By Sarah White
An email recently popped into my in-box that reminded me of one of the oddest—and most entertaining—freelance writing assignments I’ve ever taken on. That email was about a reminiscence tool that you might consider for yourself or a loved one. I had doubts back then but today, I’m a fan.
The email began:
“A few years ago, you were one of the very first users of LifeMapping, an interactive mapping application that lets you literally map the story of your life, story by story, event by event. Thank you for your early support…”
It was sent by Dean Olsen, founder of a tech start-up that has built an app that creates an online autobiography for an individual. It went on to say, “I’m delighted to announce that, after much work, we are launching LifeMapping to the paying public.”
My assignment back in 2017 had been to craft one thousand prompting questions for the app.
I’m generally skeptical of apps for reminiscing; IMHO it is an activity best pursued by two live people interacting in real time, or a writer engaged in thoughtful reflection at a keyboard or page. But the money was good and Dean’s enthusiasm was (and still is) infectious. I wrote about 850 questions before my well ran dry. Working with Dean and his team back then was a pleasure. I lost touch with Dean and LifeMapping for a while. Then, his email arrived.
“Rediscover the events and experiences that made you who you are”
Dean’s flash of insight that led to the app is simple: “Everything happens somewhere, so why don’t we use time and space to organize our stories?” The LifeMapping app combines prompting questions, a simple user interface, and a digital map layer to create private online maps. Users create a LifeMap that holds stories, photos, and/or sound files, each tied to a date on a timeline and specific map coordinates. The app is designed so that each individual’s LifeMap can be shared with family and friends.
The truth of Dean’s insight became clear to me during the last months of my mother’s life. It was the first summer of COVID, and we were constrained to meeting outside her assisted living facility. With nothing to do, I tried to interest her in reminiscing. But she didn’t respond well to my random questions; at 97, they didn’t get her memories flowing. Then I discovered that she responded excitedly to Google Maps. I started using her iPad to take her to the address of her childhood home in Huntington, Indiana. Then we would “walk away” from her front door in different directions. Her memories spilled out about people, places, events… soon I was switching on my iPhone’s Voice Messages app to capture her recollections. If I’d thought of using LifeMapping then, I would have done so. Using a map as a prompt made all the difference.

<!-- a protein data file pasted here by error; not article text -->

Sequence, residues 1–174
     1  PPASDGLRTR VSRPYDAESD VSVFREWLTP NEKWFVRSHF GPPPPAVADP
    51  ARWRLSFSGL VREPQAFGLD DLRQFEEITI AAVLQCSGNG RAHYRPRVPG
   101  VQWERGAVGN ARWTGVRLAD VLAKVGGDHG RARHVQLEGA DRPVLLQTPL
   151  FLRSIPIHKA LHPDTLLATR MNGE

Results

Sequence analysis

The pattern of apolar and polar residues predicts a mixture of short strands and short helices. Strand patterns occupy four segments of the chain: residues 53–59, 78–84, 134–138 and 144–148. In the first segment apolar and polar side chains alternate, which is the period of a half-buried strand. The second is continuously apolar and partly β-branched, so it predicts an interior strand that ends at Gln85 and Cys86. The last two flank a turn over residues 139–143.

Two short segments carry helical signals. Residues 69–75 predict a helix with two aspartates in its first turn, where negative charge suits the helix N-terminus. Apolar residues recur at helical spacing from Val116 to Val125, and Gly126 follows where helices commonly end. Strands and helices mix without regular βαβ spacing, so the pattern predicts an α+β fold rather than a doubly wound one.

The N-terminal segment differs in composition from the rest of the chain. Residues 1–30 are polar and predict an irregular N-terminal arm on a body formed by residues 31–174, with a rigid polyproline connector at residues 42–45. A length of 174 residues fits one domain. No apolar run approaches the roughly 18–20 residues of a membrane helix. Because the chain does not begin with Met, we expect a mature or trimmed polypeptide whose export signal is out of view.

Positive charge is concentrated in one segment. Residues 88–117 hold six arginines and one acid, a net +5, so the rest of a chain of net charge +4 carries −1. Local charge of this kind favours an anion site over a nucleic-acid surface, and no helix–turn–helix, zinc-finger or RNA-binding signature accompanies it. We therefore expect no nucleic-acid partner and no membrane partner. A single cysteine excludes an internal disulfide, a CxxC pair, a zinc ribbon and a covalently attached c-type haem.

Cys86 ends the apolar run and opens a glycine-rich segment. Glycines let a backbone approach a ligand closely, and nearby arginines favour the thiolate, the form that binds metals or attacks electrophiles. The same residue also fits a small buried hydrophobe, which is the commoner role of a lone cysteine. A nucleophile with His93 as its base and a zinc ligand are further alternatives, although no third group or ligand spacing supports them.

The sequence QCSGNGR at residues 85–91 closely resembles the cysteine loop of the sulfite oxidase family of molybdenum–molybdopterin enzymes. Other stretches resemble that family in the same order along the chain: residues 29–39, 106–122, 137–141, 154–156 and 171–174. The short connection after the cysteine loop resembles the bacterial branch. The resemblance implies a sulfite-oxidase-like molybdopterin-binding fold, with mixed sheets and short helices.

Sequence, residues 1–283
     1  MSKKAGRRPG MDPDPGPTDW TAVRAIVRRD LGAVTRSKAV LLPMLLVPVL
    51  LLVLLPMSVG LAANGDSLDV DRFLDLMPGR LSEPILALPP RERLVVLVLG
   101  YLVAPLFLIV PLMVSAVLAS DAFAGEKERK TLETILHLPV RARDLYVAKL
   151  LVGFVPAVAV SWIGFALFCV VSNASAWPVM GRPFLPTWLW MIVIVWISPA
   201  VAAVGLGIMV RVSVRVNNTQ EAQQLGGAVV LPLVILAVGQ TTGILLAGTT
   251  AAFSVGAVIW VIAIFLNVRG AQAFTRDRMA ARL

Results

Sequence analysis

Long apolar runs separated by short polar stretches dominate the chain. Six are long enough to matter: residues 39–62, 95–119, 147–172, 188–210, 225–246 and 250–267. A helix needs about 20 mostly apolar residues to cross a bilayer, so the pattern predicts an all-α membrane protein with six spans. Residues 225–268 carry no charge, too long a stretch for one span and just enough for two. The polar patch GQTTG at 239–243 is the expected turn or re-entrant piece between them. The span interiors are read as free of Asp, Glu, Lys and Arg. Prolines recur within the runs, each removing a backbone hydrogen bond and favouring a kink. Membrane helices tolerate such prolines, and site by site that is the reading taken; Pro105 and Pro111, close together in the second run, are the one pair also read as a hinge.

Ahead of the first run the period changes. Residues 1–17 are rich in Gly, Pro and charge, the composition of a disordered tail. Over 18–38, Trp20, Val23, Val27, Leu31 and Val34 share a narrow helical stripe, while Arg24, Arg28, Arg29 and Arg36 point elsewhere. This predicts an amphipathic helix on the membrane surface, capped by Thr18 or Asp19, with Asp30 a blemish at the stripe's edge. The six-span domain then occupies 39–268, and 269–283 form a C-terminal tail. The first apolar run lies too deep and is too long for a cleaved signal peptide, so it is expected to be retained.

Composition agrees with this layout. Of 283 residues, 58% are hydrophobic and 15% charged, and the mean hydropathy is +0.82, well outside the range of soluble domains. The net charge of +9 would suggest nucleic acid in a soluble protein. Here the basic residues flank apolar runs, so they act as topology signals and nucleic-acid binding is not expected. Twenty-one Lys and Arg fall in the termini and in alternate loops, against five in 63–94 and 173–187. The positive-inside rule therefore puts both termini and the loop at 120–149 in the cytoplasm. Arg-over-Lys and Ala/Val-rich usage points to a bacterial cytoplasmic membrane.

For now: best used on a laptop; in the future, a convenient mobile app
From that first flash of insight, Dean has pursued his app development with a relentless energy that led to significant startup funding (which is how I got paid to draft those prompting questions). Since then, perseverance has been the name of Dean’s long game. He works a “day job”; he invests what he can in development; he reaches milestones like the one that triggered his recent email. It continued, “Over the past few years, we’ve been doing steady work on LifeMapping. Come visit us at lifemapping.co to see what we’ve done.”
When I reached out to Dean after receiving the email, he told me, “I’m hearing nice stuff. Folks are saying ‘this is just the tool I was hoping for. It is easy for me to use, it’s easy for my father, and he’s really enjoying it.’”
This brings to light why a reminiscence app can be as good as two live people interacting in real time. Dean told me, “So far, it’s been pretty successful at promoting interactions. Someone said to me last week that her grandmother had started a LifeMap. As the family was driving up to visit her, the parents told the children, ‘I want you to pull up Grandma’s map and think about a few of the stories you would like to hear more about.’ And the person told me, it actually worked!”
“Most of the development work has been making sure that the time and effort people put into using the app is honored; that their memories are preserved and safe,” Dean told me. He is adamant about the absolute privacy of users’ content in the app; therefore he’s chosen not to accept money from investors or advertisers who might logically expect to harvest user data. The site does not accept advertising or links to outside sites.
Dean acknowledges that the app interface in its current iteration is still clunky on mobile devices. “Please let folks know we are in continuous improvement. It’s just that, in order for us to remain ad-free, we need to finance our work by subscription fees.”
Dean would be delighted to see you register for an account and give LifeMapping a try. A free 14-day trial starts when you sign up; a subscription costs $7.95/month if you choose to continue after the trial period. Gifting a subscription to an older family member is a popular option. Consider giving it a shot, and sending Dean an email to let him know about your experience!
© 2022 Sarah White